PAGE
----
You Can’t Take It with You (1938)

Tony Kirby (Jimmy Stewart), the son of snobs, falls in love with Alice (Jean Arthur), the daughter of free-spirited artists. Their relationship forms the core of this subversive romantic-comedy epic (126 minutes!), but the film is much bigger than the two of them, touching also on schemes involving real estate and munitions monopolies. Robert Riskin's screenplay, based on a Kaufman-Hart play, treads themes that would later dominate director Frank Capra's It's a Wonderful Life: the evil that bankers do, and the importance of having friends who'll take up a collection for you (in this case, neighbors, to pay a legal fine). But the villainous Mr. Potter-type isn't played by Lionel Barrymore; Edward Arnold takes the role, while Barrymore plays his foil, the eccentric Grandpa Vanderhof, embodying anti-capitalist ideals in his apathy for money and his emphases on happiness and fun. He lords over a sort of commune dominated by several generations of his family and a few stray creatives: The house has a dancer, playwright, inventor, vibraphonist, fireworks manufacturers and more, including minstrel-y servants whose depiction is racist. Otherwise, they're a delightful ensemble, loveable kooks bantering wittily, scrambling through screwball scenarios. But the squeaky Arthur, as Vanderhof's granddaughter, dominates. She and Stewart are adorable together, as they seem to genuinely relish one another. Her eyes can simultaneously express love and loneliness; in fact, that's her resting face, open and giving while pulling you into its yearning darkness. She's irresistible. Stewart

What Should Have Won: Grand Illusion

All 90 Best Picture Oscar Winners Ranked


Marty (1955)

Played with heartbreaking vulnerability by Ernest Borgnine, Marty is the quintessential cinematic everyman, a lonely, insecure Bronx butcher resigned to bachelorhood but nevertheless secretly hoping to find a love of his own. When he meets the equally plain, lovelorn schoolteacher Clara (Betsy Blair), hope rises in Marty's heart, only to be immediately quashed by the belittlement and criticism of those around him. In chronicling its proletarian protagonist's struggle to find happiness, Marty shined a light on the regular people that went to the movies, reflecting their small hopes and dreams back to them with dignity and gritty humor. Borgnine channels the rough, primal energy that characterized his darker roles in earlier films into a measured performance of quiet despair and stoic solitude. There's an underlying hint of self-loathing in his performance that gives the character an edge it might otherwise lack, endowing Marty with a moral grandeur worthy of Willy Loman and the other great, forlorn antiheroes of American tragedy. This small, humble character study, which also won the Palme d'Or at Cannes, brought a naturalism to the American screen that helped pave the way for the unsentimental realism of the films of the '60s and '70s. Ivanov

What Should Have Won: Marty

All 90 Best Picture Oscar Winners Ranked


The Deer Hunter (1978)

Coming as The Deer Hunter did just three years after the fall of Saigon, it's unsurprising that Michael Cimino's film plays like history written in lightning. Indeed, this fine-grained epic about what war does to men—blue-collar souls shredded beyond recognition in the damp, bloody jungles of Southeast Asia—derives considerable power from its sense of urgency. Thanks to the work of a formidable cast that includes Robert De Niro, Meryl Streep, and an Oscar-winning Christopher Walken, the film is greater than the sum of its parts—parts that have long been co-opted by popular culture, such as the harrowing Russian roulette scene. The steady accumulation of vivid details helps to give the film its cumulative power. It's in the faces of a Russian Orthodox wedding's attendees, in the grubbiness of the car that takes a group of men hunting, and it's certainly in Steven Pushkov (John Savage) shrieking “Michael, there's rats in here!” while stuck in a river (that Savage was actually screaming at Cimino, and not De Niro's Michael, is beside the point). The 50-minute wedding sequence that opens the film is a masterful evocation of the home front as a kind of idyll, as well as a sharply detailed introduction to the group of soldiers who will go off to fight in a war that destroys their hearts and minds. Cimino's film faced off against another Vietnam drama, Coming Home, at the Oscars and rightly prevailed on the big night, for this is a film that refuses to ever slip into the saccharine. Jones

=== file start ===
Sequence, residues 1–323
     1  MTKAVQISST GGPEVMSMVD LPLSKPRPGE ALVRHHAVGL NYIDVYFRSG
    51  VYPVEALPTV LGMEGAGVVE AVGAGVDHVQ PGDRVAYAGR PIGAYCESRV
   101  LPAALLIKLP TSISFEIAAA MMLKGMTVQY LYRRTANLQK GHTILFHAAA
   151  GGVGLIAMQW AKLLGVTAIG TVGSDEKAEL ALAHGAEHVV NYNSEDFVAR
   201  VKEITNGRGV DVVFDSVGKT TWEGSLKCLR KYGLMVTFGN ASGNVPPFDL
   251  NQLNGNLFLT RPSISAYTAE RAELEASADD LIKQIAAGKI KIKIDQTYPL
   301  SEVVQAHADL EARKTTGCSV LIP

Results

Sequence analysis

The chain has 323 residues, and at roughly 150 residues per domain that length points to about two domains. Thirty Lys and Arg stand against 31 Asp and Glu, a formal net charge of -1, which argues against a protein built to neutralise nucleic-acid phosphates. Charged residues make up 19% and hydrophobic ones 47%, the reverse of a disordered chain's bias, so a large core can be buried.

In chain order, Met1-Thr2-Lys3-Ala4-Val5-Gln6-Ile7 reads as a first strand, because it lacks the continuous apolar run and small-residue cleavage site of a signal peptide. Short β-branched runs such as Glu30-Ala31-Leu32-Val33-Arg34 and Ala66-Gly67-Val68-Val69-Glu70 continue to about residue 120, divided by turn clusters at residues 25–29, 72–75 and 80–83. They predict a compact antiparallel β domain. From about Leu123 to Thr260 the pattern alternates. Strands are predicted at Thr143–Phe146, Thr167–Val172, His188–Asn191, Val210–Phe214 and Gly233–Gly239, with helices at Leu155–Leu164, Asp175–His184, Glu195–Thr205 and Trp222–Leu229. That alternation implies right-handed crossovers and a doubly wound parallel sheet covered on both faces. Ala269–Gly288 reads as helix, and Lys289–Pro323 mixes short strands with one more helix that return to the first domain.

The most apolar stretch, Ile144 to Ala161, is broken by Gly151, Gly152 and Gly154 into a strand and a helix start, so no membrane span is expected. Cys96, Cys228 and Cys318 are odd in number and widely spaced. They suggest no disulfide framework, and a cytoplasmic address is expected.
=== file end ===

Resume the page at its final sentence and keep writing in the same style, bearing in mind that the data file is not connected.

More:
What Should Have Won: An Unmarried Woman

All 90 Best Picture Oscar Winners Ranked


The Departed (2006)

With Michael Ballhaus's coiled, constantly roving cinematography bringing a measure of unease to the underworld action, The Departed jumps out of the gate like a caged lion freed into the wild, delivering a rapid-fire primer on the congruent paths of state police academy trainees Billy Costigan (Leonardo DiCaprio), an intelligent recruit desperate to reject his family's criminal past, and Colin Sullivan (Matt Damon), a careerist with political dreams and deep-seated ties to Costello. Sullivan is Costello's mole in the police department and Costigan is the cop infiltrating Costello's crew, and both are soon ordered to discover the other's identity, a dueling-rats conceit William Monahan's screenplay embellishes with trademark Martin Scorsese preoccupations: Catholicism, double lives, issues of honor, honesty, and deceit, and the bond shared between fathers and sons. Faithful to premise of Infernal Affairs, Scorsese's adaptation nonetheless substitutes the original's sleek, cool demeanor with a feverish, foul, funky energy that's layered with a thin coating of sexual deviance (epitomized by Nicholson's porn-theater dildo antics) and dysfunction (with Sullivan cast as the impotent son to Costello's seriously virile papa). Deftly employing classic rock for clever commentary—never more so than with adjacent Nicholson and DiCaprio love scenes subtly linked by Pink Floyd's “Comfortably Numb”—and swiftly crosscutting between multiple subplots, Scorsese's film, for much of its 150 minutes, rocks violently, passionately, urgently. Schager

What Should Have Won: Letters from Iwo Jima

All 90 Best Picture Oscar Winners Ranked


Going My Way (1944)

In his BFI book on Boudu Saved from Drowning, Richard Boston argues that Groucho Marx could be seen as the author of his films, offering the following question as attempted evidence for his claim: “Without cheating, can you say off the top of your head who directed Duck Soup or any other Marx Brothers film?” Unfortunately for Boston, he's asked cinephiles to name Leo McCarey, perhaps the most unique studio director of the 1930s. McCarey made better films than Going My Way, but few are as simultaneously warm and sharp, spinning its comedic yarn of two priests butting heads over their differences with an effortlessness that balances songs, visual gags, and dramatic conflict without forcing the film's tone in one direction or another. In an era when Hollywood's idea of fun involved navigating a maze of implied sexual interests and foregrounding vaudevillian performance styles, Going My Way remains among the most thoroughly accessible. Dillard

What Should Have Won: Double Indemnity